China’s President Xi Jinping was swift to send his condolences to King Charles III on the passing of the British monarch, Queen Elizabeth II last week. Noting that the Queen was the first member of the Royal family to visit China in 1986, Xi also pointed to his hope for productive bilateral relations in the years ahead.
But with the significant shift in British leadership underway— not only a change in the royal monarch, but also with a new Prime Minister, Liz Truss coming into the role—what are the prospects for the UK-China relationship going forward?
At best, it’s likely that the relationship will continue to follow the unsurprisingly uneven path worn by successive leaders. Britain will no doubt continue some form cautious engagement with the more assertive China on global issues, while seeking to maintain the precarious balance between security interests and economic opportunity, including in the Indo-Pacific.
China, on the other hand, showing signs of re-engaging with the post-Covid world, appears to be shoring up support for its global leadership role in other parts of the world.
While Queen Elizabeth’s visit to China was a highlight in the uneasy relationship, other royal visits have been few and far between.
King Charles’ engagement with China over past decades reveals the complexities at play. He has never been to mainland China, though he did attend the handover ceremony for Hong Kong in 1997. Notably, he sidestepped Chinese state visits to Britain, first in 1999 and again in 2015, although on the latter occasion did meet privately with Xi Jinping and his wife. Some suggest his friendship with the Dalai Lama and concerns about human rights in Xinjiang and Tibet, have complicated his view of China’s leadership.
By contrast, his brother Prince Andrew has been a more enthusiastic supporter of the UK’s engagement with China. Though not in a royal capacity. As Britain’s Special Envoy for Trade and Investment (2001-2011) he visited China several times, with the primary focus of building economic ties.
Heir to the throne, Prince William also generated much excitement amongst Chinese audiences during his 2015 visit. With scheduled appointments ranging from an audience with Xi Jinping to attending the Chinese premieré of the movie Paddington, he also took the opportunity, from an elephant sanctuary in Yunnan to call on China to change its stance on ivory trade.
As he takes to the throne, there are signs that Charles—perhaps considering his own legacy—will cultivate engagement. Speaking to influential Chinese government and corporate audiences over the past year—he is actively highlighting China’s role and advocating for its leadership on the big global issues of the day—especially those that are a priority for him: climate change and biodiversity loss. Just how effective this charm offensive will be, is anyone’s guess.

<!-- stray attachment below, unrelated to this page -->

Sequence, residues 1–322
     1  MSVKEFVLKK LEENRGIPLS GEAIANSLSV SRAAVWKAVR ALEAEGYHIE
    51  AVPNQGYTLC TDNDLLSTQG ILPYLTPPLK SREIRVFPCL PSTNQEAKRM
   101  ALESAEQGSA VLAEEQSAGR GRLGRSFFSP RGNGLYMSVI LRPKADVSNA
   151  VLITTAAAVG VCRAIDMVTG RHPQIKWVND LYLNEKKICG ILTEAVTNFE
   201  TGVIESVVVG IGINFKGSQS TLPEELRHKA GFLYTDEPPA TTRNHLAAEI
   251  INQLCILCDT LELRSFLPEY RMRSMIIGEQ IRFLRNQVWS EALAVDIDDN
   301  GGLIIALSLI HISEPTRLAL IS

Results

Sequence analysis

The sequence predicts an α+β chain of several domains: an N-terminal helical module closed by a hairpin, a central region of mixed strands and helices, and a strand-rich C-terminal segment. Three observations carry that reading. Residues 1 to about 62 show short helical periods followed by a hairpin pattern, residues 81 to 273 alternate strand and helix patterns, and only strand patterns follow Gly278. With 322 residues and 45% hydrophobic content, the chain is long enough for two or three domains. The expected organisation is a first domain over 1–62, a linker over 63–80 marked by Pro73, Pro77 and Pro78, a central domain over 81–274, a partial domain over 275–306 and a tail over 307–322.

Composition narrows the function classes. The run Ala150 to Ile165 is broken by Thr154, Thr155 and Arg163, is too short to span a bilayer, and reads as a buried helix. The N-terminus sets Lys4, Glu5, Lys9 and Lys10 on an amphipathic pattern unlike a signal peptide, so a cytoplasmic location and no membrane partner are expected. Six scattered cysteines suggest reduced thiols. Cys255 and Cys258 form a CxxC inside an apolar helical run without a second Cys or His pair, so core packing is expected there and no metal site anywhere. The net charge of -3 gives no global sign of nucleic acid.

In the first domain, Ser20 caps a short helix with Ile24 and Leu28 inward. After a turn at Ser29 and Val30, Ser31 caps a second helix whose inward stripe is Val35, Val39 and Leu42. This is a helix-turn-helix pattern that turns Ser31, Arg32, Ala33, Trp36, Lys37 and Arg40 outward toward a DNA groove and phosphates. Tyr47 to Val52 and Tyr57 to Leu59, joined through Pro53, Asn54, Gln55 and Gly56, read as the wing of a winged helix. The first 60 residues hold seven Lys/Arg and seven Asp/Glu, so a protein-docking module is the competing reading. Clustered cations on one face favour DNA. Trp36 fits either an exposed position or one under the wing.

Meanwhile, on the political scene, incoming Prime Minister Liz Truss has signalled that she is prepared to take more hawkish approach in advancing Britain’s relationship with China. It’s an approach that no doubt also reflects increased pressure from Britain’s transatlantic ally, the United States.
But there’s no straightforward path ahead for the conservative Truss. Deepening economic woes, cost of living pressures and a looming energy crisis mean that she will be under pressure to deliver better outcomes for British households as a priority. Maintaining a healthy trade relationship with China—including through lucrative international education and tourism services—is a likely to be critical piece in her agenda.
Amidst the current leadership turbulence, Chinese diplomats remain sanguine. Whether Xi Jinping receives or accepts an invitation to the Queen’s state funeral next week—an event likely to attract some 500 foreign dignitaries from across the glove—is likely to be of little consequence.
Looking ahead however, pressure on the bilateral relationship is set to intensify. As they move past the 50-year anniversary of diplomatic relations, leaders on both sides will be thinking closely about what this milestone now signifies in the context of their shifting domestic narratives and global ambitions.
Professor Caitlin Byrne is Pro Vice Chancellor (Business) at Griffith University. Caitlin began her professional career as a diplomat with the Australian Government and has worked across senior leadership roles in government, industry and community to become recognised as one of Australia’s leading academic-practitioners with a focus on international policy and diplomatic practice.
Caitlin is a Fellow of the Australian Institute of International Affairs (FAIIA) and Faculty Fellow of the University of Southern California’s Centre for Public Diplomacy (CPD).
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